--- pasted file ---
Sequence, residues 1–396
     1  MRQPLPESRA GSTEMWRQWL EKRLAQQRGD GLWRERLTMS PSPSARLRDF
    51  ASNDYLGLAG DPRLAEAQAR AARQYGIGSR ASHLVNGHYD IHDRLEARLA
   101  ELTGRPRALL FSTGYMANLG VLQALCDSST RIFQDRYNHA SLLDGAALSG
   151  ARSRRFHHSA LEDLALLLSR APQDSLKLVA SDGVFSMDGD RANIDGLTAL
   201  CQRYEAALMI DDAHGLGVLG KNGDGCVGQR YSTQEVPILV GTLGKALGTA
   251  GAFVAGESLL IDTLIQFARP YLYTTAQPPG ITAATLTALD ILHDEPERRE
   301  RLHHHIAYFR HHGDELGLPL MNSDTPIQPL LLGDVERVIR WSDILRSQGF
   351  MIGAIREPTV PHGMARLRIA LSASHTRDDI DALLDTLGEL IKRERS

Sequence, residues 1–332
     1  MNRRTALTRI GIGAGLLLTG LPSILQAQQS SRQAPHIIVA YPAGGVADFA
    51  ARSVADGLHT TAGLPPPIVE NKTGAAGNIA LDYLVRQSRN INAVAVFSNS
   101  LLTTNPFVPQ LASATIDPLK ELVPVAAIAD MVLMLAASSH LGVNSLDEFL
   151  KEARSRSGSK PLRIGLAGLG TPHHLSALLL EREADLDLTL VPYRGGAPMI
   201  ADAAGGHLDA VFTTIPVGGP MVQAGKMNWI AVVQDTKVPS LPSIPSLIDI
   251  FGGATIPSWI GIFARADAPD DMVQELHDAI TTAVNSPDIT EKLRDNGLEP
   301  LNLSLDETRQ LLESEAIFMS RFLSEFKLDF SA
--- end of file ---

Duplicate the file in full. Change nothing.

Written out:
Sequence, residues 1–396
     1  MRQPLPESRA GSTEMWRQWL EKRLAQQRGD GLWRERLTMS PSPSARLRDF
    51  ASNDYLGLAG DPRLAEAQAR AARQYGIGSR ASHLVNGHYD IHDRLEARLA
   101  ELTGRPRALL FSTGYMANLG VLQALCDSST RIFQDRYNHA SLLDGAALSG
   151  ARSRRFHHSA LEDLALLLSR APQDSLKLVA SDGVFSMDGD RANIDGLTAL
   201  CQRYEAALMI DDAHGLGVLG KNGDGCVGQR YSTQEVPILV GTLGKALGTA
   251  GAFVAGESLL IDTLIQFARP YLYTTAQPPG ITAATLTALD ILHDEPERRE
   301  RLHHHIAYFR HHGDELGLPL MNSDTPIQPL LLGDVERVIR WSDILRSQGF
   351  MIGAIREPTV PHGMARLRIA LSASHTRDDI DALLDTLGEL IKRERS

Sequence, residues 1–332
     1  MNRRTALTRI GIGAGLLLTG LPSILQAQQS SRQAPHIIVA YPAGGVADFA
    51  ARSVADGLHT TAGLPPPIVE NKTGAAGNIA LDYLVRQSRN INAVAVFSNS
   101  LLTTNPFVPQ LASATIDPLK ELVPVAAIAD MVLMLAASSH LGVNSLDEFL
   151  KEARSRSGSK PLRIGLAGLG TPHHLSALLL EREADLDLTL VPYRGGAPMI
   201  ADAAGGHLDA VFTTIPVGGP MVQAGKMNWI AVVQDTKVPS LPSIPSLIDI
   251  FGGATIPSWI GIFARADAPD DMVQELHDAI TTAVNSPDIT EKLRDNGLEP
   301  LNLSLDETRQ LLESEAIFMS RFLSEFKLDF SA